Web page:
I had the naive idea, no make that I had a pocketful of naïve ideas with me as I embarked on my yellow brick road initiation into reporter-hood during the London 2012 Paralympic Games. Sample this, when I first eyed the 3000 docking stations for computers in the Main Press Centre, MPC, I thought the Internet would be FREE, silly me. Or I imagined ALL
reporters got ALL
the information. No that gift was reserved for the National Paralympic Committee’s, NPC and there was reporter dress code I most definitely slipped into, no runners please! Yes, there was more but I won’t bore you with all my gaffes, rather I’ll recall my daily beat genesis.
The Summer Paralympics had 20 sports with 503 events, so with Sam’s warning, “don’t try to get to every event” ringing in my head I nervously entered my first press conference two days prior to opening ceremonies. I was early, absolutely psyched up to be there, go to as many events as I could; share all of it. Watching as the world’s journalists entered the large press amphitheater seemingly dragging their feet, I thought, really, they’re not jacked up to be here or ready to hot foot it out and write-up the Games?
From a newspaper I discovered, that most of the Press didn’t believe Paralympic sport could be exciting, engaging, thrilling or competitive and surely not even close to the brilliance the Olympics had been. They carried old perceptions and biases associated with disabilities distastefulness that weighted them down. Only a few journalists among the many had any experience with adaptive sport and they were clearly over shadowed on that first day. Most of the press thought no audience would be even paying attention let alone reading what they wrote, not very uplifting thoughts!! But the professionals that they are persevered and were rewarded with the largest following in Paralympic media history. They departed the Games changed, hungry for more.
After the press conference I immediately pushed the blaring warning sounds out of my head determined to clone myself, I wanted to be everywhere!! I marched over to the transportation office to investigate a pilgrimage the next day to Stoke Mandeville, the spiritual birthplace of the Paralympic Games and the starting point for the Paralympic Torch Relay. I so wanted to be there, but there wasn’t any transportation to Stoke Mandeville arranged for the journalists and journey of 3 hours by buses, trains and taxis, one way, pulled the plug on that science experiment. I let the warning sounds back in with the volume turned down low to keep me grounded.
The following night in my warm room with the television keeping me informed of the Paralympic Flames delivery from the four corners highest peaks of the United Kingdom and it’s departure into the rainy streets of London I spread out my resources. My bed was piled with the MPC complimentary maps, magazines, schedules, books and papers I shuffled into order for each of the twelve days ahead. It began to dawn on me that I must devise a morning routine that I would adhere to faithfully.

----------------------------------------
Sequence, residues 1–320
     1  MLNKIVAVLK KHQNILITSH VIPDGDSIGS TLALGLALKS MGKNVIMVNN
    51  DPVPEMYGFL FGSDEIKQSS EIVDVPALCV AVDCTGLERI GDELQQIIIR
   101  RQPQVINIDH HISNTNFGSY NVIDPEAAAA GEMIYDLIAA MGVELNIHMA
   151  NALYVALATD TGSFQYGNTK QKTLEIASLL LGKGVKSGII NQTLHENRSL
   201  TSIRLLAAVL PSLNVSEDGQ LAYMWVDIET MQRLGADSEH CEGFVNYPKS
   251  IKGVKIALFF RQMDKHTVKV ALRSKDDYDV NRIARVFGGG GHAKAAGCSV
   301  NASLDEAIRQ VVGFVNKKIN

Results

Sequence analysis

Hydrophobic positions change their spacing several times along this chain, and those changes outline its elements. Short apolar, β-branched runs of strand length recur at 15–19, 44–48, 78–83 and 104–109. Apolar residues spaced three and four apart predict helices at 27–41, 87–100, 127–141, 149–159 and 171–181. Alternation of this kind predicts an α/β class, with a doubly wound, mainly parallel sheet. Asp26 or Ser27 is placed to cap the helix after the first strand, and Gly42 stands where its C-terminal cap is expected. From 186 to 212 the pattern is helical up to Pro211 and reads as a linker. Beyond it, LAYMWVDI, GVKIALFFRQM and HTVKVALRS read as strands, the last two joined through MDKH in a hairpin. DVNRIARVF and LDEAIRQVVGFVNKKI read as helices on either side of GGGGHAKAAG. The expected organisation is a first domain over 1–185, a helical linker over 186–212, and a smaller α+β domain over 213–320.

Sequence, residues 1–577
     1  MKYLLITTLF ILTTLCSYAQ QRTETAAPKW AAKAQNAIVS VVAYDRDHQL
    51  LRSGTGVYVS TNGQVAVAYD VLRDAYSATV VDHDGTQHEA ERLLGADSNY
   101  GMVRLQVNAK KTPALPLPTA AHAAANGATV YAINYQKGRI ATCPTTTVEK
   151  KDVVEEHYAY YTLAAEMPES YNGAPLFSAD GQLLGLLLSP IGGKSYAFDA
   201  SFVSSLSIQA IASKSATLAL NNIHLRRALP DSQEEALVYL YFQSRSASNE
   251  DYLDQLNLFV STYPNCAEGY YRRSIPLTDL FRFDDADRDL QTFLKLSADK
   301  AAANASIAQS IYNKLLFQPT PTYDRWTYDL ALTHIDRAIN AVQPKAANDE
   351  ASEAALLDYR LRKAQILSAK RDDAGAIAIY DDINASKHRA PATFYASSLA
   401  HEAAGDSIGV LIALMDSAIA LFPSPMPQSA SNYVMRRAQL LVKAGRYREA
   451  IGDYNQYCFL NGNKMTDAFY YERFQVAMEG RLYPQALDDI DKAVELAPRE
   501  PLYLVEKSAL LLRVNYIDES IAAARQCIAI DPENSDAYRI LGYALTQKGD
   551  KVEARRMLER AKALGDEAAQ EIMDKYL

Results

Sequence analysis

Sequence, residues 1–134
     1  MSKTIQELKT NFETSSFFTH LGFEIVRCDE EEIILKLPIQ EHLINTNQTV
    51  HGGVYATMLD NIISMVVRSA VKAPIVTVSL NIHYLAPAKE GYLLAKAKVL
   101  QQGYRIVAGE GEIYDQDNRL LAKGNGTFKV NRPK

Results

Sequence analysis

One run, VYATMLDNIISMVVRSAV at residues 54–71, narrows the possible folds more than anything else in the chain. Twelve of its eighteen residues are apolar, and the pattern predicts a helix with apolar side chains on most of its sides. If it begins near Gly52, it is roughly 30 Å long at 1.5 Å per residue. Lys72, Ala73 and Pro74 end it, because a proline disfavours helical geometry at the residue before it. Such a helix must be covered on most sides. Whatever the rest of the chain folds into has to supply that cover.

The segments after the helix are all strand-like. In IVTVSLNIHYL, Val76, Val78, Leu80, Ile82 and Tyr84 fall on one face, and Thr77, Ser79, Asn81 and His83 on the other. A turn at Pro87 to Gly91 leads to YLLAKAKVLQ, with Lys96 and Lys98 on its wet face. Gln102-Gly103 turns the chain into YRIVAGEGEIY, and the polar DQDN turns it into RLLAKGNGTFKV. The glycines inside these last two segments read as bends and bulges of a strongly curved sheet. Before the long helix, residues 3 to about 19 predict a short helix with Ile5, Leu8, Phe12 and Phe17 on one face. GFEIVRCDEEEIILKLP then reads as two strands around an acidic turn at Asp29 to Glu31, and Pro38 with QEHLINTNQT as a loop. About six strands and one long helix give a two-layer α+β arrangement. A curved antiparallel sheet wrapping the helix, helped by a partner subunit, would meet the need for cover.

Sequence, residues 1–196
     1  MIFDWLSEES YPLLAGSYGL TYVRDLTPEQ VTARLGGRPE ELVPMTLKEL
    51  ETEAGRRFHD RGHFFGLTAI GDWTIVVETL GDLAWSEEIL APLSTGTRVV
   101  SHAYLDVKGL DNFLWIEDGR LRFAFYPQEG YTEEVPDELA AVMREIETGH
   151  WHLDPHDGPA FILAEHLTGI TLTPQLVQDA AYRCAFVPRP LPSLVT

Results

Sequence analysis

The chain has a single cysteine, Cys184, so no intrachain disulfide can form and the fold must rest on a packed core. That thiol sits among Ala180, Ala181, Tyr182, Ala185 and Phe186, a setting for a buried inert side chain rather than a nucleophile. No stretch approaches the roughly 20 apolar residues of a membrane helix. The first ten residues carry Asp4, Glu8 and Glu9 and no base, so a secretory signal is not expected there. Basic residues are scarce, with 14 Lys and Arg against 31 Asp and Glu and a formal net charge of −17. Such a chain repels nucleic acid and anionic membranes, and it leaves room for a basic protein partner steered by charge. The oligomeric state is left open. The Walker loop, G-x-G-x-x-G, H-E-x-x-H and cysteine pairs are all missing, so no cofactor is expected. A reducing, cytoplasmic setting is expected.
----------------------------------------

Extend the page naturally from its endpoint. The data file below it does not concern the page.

This routine would keep me sane within the chaos of a too much to do Paralympic Games along with the not knowing sudden changes of the media marathon. A readiness to jump at a moments notice, switch gears to speed off in a new direction, then wait sometimes hours for the story verification or interview only then at the ninth hour have it reschedule for another day or disappear into thin air and I was left holding nothing. With this early realization of uncertainty I abandoned my plan to follow any athletes during the Games, we couldn’t connect, our time was not our own.
My morning routine would be the only sure thing giving me balance in a whirling world. I rose at 5am after five or less hours sleep, drank two glasses of water and meditated forty-five minutes. Next I turned on the telly, booted up my computer while preparing my breakfast of granola, yogurt, banana, smoked salmon, almonds, cheese, vitamins and strong English black tea. I was doomed to eating on the fly day and night, this meal I would control. My rucksack was packed with nuts, seeds, fruit and food bars making lunch and dinner a wasteland of snacks.
Checking the weather I dressed and packed my rucksack with a jacket, hat, recorder, notebook, pencil, wallet, daily stuff to review, oyster card (my all inclusive train pass) bus timetable for the MPC, 2 inch thick media handbook for all Paralympic sports with their competition scheduled timetables, venue maps, mix zones and media hang outs. Settled with my crankles (cranky edema ankles) up I wrote for the next two hours. By 9:30 with my computer packed I grabbed my credential hanging on the door and wheeled out into daily hypothetical plan starting with the MPC, wishing there were three of me.
Blessings to All, In Joy Candace Cable
© 2012 Candace Cable
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